I’ve had a multiple crows done and I’m always amazed how quick my dentist is during the crown preparation. I’ve had a couple done elsewhere and it seemed to drag on for 30-45 minutes. My current dentist is very speedy, like less than 30 seconds for the preparation. That said, I’m wondering if he removes too much natural tooth because two of them I’ve had done by him have come off. Is it possible that there just isn’t enough natural tooth left? I’m wondering if I have a case against him? I need to find a solution that doesn’t involve more expensive treatment or having to pay again for the same treatment. I’m nervous because I know that I can’t afford dental implants. Would you recommend that I find a new dentist? I was interested in looking around to see if there was one that would put a guarantee on their work?
-Paul in Minnesota
Unfortunately, you won’t find a guarantee with on a porcelain crown. Although, there is something that is referred to as the “standard of care” in the industry. This means that a crown should provide a minimum standard to patients. Every case is different and sometimes an individual may have difficulty with a crown staying bonded in place. But the main problem with your situation is that the crown falling off seems to be happening on more than one crown and multiple times. This does sound like an issue with adhering to the minimum standard of care.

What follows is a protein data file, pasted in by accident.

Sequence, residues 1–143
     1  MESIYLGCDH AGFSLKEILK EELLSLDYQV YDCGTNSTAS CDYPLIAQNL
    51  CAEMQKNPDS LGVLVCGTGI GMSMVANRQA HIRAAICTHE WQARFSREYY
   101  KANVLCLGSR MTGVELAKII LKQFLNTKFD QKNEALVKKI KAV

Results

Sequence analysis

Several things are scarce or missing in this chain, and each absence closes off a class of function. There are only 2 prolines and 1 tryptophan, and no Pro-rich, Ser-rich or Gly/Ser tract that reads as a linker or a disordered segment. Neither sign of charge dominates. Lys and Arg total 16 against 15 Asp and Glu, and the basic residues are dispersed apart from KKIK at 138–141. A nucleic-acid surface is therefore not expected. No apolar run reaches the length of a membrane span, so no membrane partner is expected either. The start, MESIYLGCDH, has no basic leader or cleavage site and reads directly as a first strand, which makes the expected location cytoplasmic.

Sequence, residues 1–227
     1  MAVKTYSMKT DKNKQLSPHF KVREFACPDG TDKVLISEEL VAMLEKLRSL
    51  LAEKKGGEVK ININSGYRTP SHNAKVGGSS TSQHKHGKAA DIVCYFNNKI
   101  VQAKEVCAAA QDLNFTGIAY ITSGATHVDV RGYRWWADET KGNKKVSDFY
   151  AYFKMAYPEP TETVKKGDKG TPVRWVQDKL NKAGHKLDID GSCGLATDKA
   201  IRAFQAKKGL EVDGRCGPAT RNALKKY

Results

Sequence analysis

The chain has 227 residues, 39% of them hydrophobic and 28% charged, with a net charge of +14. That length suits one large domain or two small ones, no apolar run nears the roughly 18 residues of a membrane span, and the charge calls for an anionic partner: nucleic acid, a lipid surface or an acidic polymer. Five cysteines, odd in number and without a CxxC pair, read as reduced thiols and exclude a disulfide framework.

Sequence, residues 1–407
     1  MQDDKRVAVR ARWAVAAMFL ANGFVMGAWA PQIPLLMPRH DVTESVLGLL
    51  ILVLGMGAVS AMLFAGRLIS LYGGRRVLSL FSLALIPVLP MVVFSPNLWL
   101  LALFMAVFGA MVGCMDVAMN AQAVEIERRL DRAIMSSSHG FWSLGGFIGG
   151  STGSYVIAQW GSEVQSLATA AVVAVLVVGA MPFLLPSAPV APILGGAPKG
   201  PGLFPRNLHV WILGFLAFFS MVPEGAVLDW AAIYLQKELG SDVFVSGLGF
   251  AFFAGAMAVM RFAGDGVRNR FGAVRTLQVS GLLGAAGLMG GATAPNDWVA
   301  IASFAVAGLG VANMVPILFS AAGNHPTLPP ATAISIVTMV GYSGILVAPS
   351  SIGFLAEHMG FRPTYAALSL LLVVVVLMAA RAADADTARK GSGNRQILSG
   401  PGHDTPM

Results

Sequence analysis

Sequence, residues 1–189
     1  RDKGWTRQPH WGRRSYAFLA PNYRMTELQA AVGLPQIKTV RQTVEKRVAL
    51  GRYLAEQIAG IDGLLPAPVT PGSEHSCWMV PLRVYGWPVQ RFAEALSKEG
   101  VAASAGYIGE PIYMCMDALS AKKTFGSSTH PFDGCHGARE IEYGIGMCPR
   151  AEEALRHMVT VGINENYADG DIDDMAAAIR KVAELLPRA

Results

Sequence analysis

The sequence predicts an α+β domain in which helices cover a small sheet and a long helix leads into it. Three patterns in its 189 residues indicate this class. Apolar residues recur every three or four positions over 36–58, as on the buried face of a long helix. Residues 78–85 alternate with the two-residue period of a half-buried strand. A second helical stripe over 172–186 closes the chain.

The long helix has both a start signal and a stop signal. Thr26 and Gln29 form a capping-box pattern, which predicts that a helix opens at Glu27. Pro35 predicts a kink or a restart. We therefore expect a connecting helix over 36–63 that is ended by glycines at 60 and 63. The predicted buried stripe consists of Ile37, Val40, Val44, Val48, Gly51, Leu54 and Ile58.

Although, it probably won’t be worth it to pursue legal recourse, since the dentist likely has liability in place to cover circumstances like this. You can request a refund so that you can have the work redone at a different dentist’s office. The lack of time spent during the crown preparation is concerning, yet it is difficult to give you specific marching orders without having seen your case in person. It is also possible that was a problem with the bonding techniques or materials used, or that the taper was too drastic and that is why the crowns are failing.
Many dentists will work their entire career and not have a crown fall off. The preparation step is imperative to ensure the crown is seated correctly. Your dentist sounds like his priority lies in speed versus being precise.
So, it would be in your best interest to move on. Have a consultation at a new dentist and see if the crowns can be redone. There are techniques that can be done during the preparation, even if there is less than desirable natural tooth structure in tact, that will successfully bond a crown. The new dentist may even work with you to craft a strategy to get refunded, or even a partial refund would go a long way to help you get the care you deserve.
Good luck and thank you for your inquiry.
This post is sponsored by Houston cosmetic dentist Coleman Dental.